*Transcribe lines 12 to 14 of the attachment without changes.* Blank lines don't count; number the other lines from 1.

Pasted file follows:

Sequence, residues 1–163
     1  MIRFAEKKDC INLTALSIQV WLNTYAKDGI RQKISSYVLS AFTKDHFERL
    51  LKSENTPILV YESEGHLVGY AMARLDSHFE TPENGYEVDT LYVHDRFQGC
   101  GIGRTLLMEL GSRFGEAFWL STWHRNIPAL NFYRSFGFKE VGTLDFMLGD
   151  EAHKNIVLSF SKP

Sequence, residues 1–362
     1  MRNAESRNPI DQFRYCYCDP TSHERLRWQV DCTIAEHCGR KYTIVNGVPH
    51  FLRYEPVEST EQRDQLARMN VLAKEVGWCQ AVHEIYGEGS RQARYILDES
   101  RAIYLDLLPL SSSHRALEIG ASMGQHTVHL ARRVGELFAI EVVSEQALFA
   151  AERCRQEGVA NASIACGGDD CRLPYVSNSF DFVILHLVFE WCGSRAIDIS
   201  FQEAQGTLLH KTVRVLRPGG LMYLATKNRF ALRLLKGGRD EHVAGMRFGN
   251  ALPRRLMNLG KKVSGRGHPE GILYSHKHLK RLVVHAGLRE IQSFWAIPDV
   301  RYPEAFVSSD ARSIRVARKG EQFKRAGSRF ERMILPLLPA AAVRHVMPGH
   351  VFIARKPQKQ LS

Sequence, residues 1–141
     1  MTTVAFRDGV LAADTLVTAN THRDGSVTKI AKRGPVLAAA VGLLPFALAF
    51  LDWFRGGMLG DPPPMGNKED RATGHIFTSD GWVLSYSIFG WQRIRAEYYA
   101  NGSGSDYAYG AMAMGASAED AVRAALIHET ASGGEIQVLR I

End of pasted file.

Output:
   251  ALPRRLMNLG KKVSGRGHPE GILYSHKHLK RLVVHAGLRE IQSFWAIPDV
   301  RYPEAFVSSD ARSIRVARKG EQFKRAGSRF ERMILPLLPA AAVRHVMPGH
   351  VFIARKPQKQ LS